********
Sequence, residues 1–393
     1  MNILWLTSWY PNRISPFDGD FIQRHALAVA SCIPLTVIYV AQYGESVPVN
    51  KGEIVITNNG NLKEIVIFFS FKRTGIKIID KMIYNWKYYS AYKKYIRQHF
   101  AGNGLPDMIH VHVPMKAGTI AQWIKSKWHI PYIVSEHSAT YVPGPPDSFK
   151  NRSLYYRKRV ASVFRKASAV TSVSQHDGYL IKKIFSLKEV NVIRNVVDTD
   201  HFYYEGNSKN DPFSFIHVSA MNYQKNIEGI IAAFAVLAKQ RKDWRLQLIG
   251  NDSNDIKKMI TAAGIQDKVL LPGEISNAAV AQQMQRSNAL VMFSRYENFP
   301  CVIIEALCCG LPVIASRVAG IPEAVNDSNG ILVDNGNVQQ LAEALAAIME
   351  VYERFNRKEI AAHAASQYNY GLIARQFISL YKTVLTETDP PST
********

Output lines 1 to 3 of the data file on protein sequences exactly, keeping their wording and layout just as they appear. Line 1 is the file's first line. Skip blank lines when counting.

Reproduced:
Sequence, residues 1–393
     1  MNILWLTSWY PNRISPFDGD FIQRHALAVA SCIPLTVIYV AQYGESVPVN
    51  KGEIVITNNG NLKEIVIFFS FKRTGIKIID KMIYNWKYYS AYKKYIRQHF